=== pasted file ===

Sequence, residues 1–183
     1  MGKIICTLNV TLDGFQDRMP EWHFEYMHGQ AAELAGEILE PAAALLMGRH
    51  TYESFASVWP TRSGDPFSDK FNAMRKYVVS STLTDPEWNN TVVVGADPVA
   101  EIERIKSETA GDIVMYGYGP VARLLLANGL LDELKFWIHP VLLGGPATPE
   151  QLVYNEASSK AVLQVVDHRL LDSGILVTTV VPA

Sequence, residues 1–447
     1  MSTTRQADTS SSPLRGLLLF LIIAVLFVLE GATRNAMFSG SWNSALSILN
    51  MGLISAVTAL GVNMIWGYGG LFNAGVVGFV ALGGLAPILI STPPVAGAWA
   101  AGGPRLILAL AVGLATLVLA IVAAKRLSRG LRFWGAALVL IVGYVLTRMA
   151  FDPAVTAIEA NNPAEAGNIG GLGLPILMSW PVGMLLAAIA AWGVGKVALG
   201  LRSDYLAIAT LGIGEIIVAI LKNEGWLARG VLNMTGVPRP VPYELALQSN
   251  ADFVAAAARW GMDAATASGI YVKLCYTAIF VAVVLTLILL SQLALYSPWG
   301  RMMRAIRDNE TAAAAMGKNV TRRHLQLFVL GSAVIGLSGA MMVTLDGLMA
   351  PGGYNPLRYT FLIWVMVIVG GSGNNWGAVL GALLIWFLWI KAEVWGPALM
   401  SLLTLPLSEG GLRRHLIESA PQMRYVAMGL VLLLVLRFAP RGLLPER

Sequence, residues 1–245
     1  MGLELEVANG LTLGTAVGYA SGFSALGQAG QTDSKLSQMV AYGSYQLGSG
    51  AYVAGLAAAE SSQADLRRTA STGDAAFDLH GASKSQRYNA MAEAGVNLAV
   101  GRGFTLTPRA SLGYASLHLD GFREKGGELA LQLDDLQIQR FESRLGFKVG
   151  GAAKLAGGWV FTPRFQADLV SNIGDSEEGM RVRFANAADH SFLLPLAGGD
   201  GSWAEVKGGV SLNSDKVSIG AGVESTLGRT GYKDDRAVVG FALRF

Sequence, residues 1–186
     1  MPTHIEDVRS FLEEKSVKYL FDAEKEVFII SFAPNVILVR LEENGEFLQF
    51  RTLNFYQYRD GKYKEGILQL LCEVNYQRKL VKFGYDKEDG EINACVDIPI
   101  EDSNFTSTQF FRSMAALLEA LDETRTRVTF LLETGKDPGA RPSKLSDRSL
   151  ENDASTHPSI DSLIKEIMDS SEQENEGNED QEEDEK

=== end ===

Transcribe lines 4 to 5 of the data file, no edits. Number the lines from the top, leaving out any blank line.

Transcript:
   101  EIERIKSETA GDIVMYGYGP VARLLLANGL LDELKFWIHP VLLGGPATPE
   151  QLVYNEASSK AVLQVVDHRL LDSGILVTTV VPA